Burke thanked fans for their support in a message sent to Leafs season-ticket holders.
"Our team's performance of late has been disappointing," Burke wrote. "Most importantly, we are disappointed for our passionate fans. Despite our team's struggles, we remain optimistic with 18 games left in the season.
". . . We are committed to our plan and long-term direction to bring a Stanley Cup Championship to Toronto."
Carlyle met with the team for about an hour Friday.
"It was short," winger Joffrey Lupul said. "He talked about changes from a system standpoint. He talked about a chance to make a first impression.
"Our identity's not going to change. We're still a skating-first team."
Burke said he likes coaches that are demanding and tough on players, who clearly define each player's role on the team and that like rough, physical hockey. He said Carlyle meets all three criteria.
"I don't like coaches who are warm and fuzzy," said Burke. "The game shouldn't be fun.
"The fun part is winning. The game itself should be a difficult contest full of hard decisions and hard battles. Look at the coaches who are successful in this league. They aren't warm and fuzzy guys."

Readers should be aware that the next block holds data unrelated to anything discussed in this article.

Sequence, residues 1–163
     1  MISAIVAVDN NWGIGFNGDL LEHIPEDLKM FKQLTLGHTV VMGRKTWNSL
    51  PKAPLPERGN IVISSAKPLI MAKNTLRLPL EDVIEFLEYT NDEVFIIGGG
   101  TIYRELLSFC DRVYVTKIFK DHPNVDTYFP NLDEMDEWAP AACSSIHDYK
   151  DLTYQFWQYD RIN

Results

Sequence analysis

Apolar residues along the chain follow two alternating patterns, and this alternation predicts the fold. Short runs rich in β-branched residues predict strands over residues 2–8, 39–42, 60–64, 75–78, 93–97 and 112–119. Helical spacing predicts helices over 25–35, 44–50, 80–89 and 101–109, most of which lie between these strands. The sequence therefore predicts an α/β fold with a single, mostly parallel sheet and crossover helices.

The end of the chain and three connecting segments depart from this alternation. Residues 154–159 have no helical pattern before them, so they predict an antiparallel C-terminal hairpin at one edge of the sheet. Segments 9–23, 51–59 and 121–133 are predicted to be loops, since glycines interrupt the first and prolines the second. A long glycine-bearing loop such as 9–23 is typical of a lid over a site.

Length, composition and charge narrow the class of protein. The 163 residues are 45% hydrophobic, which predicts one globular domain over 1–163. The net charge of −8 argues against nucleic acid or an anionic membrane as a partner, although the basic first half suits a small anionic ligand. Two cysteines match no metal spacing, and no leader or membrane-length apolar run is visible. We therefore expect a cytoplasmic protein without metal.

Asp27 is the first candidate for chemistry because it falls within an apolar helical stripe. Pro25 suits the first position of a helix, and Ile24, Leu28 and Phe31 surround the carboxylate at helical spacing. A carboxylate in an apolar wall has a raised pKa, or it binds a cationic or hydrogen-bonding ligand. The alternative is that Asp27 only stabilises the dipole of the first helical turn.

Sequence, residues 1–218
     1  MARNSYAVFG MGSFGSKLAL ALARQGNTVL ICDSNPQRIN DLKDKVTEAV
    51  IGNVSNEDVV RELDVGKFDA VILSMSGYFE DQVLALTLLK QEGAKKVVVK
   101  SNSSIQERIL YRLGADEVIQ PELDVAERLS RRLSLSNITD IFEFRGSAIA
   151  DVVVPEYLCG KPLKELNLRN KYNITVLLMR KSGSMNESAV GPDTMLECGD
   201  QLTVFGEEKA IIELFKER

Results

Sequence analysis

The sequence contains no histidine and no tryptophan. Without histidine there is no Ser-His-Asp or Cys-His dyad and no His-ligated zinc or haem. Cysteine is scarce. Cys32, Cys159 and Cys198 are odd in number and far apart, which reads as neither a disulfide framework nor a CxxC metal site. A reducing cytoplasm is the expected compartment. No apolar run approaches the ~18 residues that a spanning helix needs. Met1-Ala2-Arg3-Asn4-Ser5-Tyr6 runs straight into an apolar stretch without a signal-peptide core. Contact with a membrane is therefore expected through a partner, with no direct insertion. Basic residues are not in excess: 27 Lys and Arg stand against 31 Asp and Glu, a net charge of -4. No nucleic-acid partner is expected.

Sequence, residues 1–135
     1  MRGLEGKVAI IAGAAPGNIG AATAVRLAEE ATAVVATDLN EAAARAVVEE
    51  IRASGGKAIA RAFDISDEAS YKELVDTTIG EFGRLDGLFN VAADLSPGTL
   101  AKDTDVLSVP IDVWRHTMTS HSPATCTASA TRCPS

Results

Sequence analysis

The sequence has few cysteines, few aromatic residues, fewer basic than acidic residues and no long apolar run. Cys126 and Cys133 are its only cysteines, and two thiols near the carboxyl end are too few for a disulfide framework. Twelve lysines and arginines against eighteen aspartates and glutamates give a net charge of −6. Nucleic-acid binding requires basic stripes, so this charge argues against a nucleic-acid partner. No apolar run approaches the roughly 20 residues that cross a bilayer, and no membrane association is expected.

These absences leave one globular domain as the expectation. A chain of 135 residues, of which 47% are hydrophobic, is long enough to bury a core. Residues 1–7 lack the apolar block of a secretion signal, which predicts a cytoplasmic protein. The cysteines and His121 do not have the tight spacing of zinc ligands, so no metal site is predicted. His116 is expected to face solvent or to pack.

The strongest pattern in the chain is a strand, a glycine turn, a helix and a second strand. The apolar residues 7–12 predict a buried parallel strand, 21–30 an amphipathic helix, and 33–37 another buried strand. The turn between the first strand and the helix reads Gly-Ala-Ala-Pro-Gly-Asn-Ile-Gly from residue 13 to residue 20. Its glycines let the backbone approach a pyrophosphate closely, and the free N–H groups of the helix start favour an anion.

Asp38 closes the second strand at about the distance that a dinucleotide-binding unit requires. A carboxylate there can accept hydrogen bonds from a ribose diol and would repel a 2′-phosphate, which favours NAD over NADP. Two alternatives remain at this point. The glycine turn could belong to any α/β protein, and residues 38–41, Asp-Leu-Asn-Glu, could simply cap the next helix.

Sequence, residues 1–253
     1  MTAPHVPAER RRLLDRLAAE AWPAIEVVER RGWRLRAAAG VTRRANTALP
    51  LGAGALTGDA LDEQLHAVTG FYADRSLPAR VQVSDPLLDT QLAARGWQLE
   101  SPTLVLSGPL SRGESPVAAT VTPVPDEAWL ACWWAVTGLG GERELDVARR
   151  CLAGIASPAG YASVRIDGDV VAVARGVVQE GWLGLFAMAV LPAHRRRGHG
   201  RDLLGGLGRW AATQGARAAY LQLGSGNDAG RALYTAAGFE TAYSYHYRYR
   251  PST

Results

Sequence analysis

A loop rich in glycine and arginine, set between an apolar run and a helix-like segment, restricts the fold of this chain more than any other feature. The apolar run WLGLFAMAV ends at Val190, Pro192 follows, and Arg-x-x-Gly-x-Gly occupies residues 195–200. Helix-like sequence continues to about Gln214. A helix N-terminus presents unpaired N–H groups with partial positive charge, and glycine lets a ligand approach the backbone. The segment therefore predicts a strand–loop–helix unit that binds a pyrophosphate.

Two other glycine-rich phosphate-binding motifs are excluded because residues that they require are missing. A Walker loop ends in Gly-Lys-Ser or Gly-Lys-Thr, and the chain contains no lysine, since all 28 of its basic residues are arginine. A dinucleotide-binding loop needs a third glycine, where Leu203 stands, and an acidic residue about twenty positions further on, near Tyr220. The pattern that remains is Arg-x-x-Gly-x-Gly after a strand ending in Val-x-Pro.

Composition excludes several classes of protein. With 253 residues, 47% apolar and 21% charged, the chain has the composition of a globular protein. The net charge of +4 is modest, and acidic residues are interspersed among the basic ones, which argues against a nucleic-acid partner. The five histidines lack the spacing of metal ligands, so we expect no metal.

Carlyle put the team through an energetic 40-minute skate on Saturday morning to begin the process of getting to know the team and implementing changes in how they play.
"We have to find a way to re-energize the group," said Carlyle. "It's not that they've lost their skills.
"They have an opportunity now to show a new face, a good impression."
He also made amends with Lupul, who played sparingly for him in Anaheim before being traded to Toronto after two injury-marred seasons in February, 2011. Lupul has blossomed into a first line winger this season.
"Lupul made a comment in Anaheim, saying he felt I didn't use him correctly, and he was right," said Carlyle. "I made a mistake in not putting Joffrey on left-wing in our top-six grouping.
"He came back from pretty dramatic back surgery. He had a number of infections. We at one point thought he'd never play again. That's a mistake we made and I take responsibility for it. I've talked to him about it. It's water under the bridge. He's a top-six forward for the Toronto Maple Leafs."
Defenceman Mike Komisarek acknowledged there was tension on the team and that all the players felt responsible for Wilson losing his job.
"It was tough the other night losing and having those chants," he said. "We all know that Wilson was a good coach.
"But when the coach changes, it's on us. Now it's a clean slate. When you're in a slide, everyone's looking for answers. It's almost a sense of waiting around, wondering what's going to happen. You're waiting to bottom out. Now it's up to us to respond."
Carlyle was a top defenceman in his playing career, which started with the Leafs in 1976-77. He later played for Pittsburgh and Winnipeg before he retired after the 1992-93 campaign. He won a Norris Trophy as the league's best rearguard in 1981 with Pittsburgh.